Film review: “Broken City,” Busted Noir
Broken City covers familiar territory, but this time it’s Marky-Mark to the rescue and he brings a gruff and troubled groundedness to the role of a man on a mission to find out The Truth in a corrupt world.
Broken City. Directed by Allen Hughes. At cinemas around New England.
By Tim Jackson
Broken City starts with a gun and ends with a girl. In between march many muscular machinations and mysterious meetings.This testosterone-driven exercise in contemporary film noir features local hero Mark Wahlberg, a blond Russell Crow, and the gauzy and alluring Catherine Zeta-Jones. Exactly who is doing what to whom is the thrill of the chase in this ultimately confused thriller about a power hungry New York Mayor and a flawed but deep-down-decent ex-cop with a dirty secret.
If this sounds like familiar territory, it is, but this time it’s Marky-Mark to the rescue, and as always he brings a gruff and troubled groundedness to the confused character of Billy Taggart, a man on a mission to find out The Truth, and come to terms with his own troubled identity. The truth, of course, will out, and whether Taggert finds solace, self-awareness, cures his bent for demon liquor, or solves his love life pretty much drops by the wayside in favor of a quick wrap up.
Taggart is up against the arrogant and nasty and hostile Mayor Hostetler, played by a blond and droopy-haired Crowe, whose New York accent leaks Aussie now and then. Hostetler has tagged Taggert to come up with evidence of his wife’s infidelity. As Cathleen Hostetler, Catherine Zeta-Jones is all slink and sunglasses. She knows what’s really going on and warns Taggart repeatedly that he doesn’t know the whole story, that the situation is bigger than he thinks, and to get out now. And you believe her because (believe me) you’ve seen this movie before, and the camera circling around and around and around their heads is making you dizzy, and you’ll believe anything to make it stop. Nonetheless, Taggart takes up the mission because he’s agreed to do it. He’s a man of his word no matter the consequences, and, bottom line, we know that he knows that the Mayor knows his dirty secret.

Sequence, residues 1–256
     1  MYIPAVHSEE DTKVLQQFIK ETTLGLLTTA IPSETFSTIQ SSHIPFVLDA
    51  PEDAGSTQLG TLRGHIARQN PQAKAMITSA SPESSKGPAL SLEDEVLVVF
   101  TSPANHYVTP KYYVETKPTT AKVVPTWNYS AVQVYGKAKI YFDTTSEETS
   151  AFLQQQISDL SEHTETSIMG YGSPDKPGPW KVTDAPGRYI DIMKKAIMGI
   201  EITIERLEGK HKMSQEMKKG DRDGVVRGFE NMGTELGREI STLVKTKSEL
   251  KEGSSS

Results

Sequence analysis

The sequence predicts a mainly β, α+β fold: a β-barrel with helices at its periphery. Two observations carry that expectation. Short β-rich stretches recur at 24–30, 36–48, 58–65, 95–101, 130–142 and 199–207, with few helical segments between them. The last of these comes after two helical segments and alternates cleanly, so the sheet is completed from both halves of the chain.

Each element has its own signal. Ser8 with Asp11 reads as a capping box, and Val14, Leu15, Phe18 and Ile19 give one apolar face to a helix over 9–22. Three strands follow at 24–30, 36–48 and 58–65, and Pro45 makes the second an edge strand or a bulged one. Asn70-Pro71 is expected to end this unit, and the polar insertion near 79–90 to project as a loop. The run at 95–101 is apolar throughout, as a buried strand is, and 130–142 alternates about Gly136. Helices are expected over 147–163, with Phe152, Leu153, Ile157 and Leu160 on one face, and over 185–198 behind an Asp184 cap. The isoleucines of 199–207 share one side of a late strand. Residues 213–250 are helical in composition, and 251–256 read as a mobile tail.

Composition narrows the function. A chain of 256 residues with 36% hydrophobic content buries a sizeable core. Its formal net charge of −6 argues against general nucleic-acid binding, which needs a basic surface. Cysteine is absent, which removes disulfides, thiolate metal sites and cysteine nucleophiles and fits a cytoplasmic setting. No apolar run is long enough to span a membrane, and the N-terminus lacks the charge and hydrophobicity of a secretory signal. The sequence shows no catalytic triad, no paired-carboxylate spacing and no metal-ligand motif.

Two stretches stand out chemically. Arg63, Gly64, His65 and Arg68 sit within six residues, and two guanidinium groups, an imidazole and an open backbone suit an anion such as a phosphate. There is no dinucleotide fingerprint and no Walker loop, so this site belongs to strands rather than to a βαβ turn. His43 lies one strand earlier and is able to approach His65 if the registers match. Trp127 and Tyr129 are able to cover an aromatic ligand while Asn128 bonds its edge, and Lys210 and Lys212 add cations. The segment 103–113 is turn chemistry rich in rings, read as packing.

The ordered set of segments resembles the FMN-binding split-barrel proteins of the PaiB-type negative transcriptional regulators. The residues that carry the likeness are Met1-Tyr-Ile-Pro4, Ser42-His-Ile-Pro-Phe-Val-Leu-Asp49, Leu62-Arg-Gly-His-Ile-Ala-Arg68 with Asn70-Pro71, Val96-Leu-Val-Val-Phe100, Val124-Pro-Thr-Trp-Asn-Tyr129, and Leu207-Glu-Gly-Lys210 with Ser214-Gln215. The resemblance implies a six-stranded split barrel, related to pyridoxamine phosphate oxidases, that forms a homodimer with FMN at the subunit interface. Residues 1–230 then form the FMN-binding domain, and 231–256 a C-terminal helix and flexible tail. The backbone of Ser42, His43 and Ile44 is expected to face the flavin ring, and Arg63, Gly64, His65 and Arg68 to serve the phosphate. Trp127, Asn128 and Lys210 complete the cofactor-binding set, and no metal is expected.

Into the unfolding mystery comes Police Commissioner Carl Fairbanks who, like the audience, may or may not know what’s going on here but provides the requisite hard time for Billy and who will inevitably come to respect the troubled ex-cop. This boilerplate copper is played with fitting gravitas and a giant, bald head by Jeffrey Wright (Basquiat, Angels in America). The bottom line for this wonderful actor is that he needs more roles worthy of his talent.
Eventually, I got the feeling this was a package put together to sell in a slow season. Director Allen Hughes and his twin brother Albert have specialized in exploring urban “sociology” and street mythologies. The two wunderkind entrepreneurs’ earlier success (with Menace II Society) helped them establish their own production and record company, Underworld Entertainment. Hughes is listed as a producer on the film along with Wahlberg and 15 others. Broken City was penned by Brian Tucker, who has no other writing credits to his name.
Seventeen producers joined by one neophyte (or pseudonymous) writer smacks of committee filmmaking cobbled out of package deals. (“Look, sweetheart, Mark can get Albert, who wants to do a cop film. They can convince Wright to come on board. If we can get them, Russ has agreed to do it for a percentage, if we give him equal billing with Mark. Zeta-Jones hasn’t had a hit since ’05 and wants a sexy part but no nude. We get her on the cheap with Crow and Wahlberg on it.”) Of course, I don’t know that is the case, but the film feels like a package of stars and motifs, the aim of which is to produce an audience pleasing mash-up of formulas and a smash-up trailer. (“Look Russ, we can expect some heavy weekend grosses. We’ll have our trailer and ads in 100 cities, particularly heavy in New York and Boston. That oughta generate some sweet back end profits.”)
I admire well-crafted commercial movie making, and the Hughes bothers, though a little overwrought, can deliver a good time. These are all fun actors. But when you leave as many dangling ends and sub-plots as Broken City does it becomes laughable. Wahlberg’s character has a relationship with the not so cleverly named Natalie, played by ex-Cuban model Natalie Martinez. She is a struggling actress whose actor friends offend Taggart’s more macho sensibilities. After a few gay jokes, apparently to establish the guy’s type A personality, the romance hits the rocks. He goes ballistic and she walks out. An interesting character and side story suddenly evaporate.
As Jack Valliant, the “valiant” candidate running against the mayor, Barry Pepper is miscast. His public debate against Hostetler is so silly and gratuitous it approaches satire. One more actor worth mentioning is Alona Tal as Taggert’s secretary Katy, who plays Robin to his Batman. She continually undertakes dangerous missions to uncover layers of urban corruption and deception. Does she love him? I guess so. Does he love her? Apparently no one cares. Tal, an Israeli actress, is a beautiful and charismatic performer and important to the film, but her role is brazenly underwritten. If this is meant to be a psychological-thriller noir, at least give the actors, and the audience, a chance to enjoy characters with psyches worth trying to figure out.
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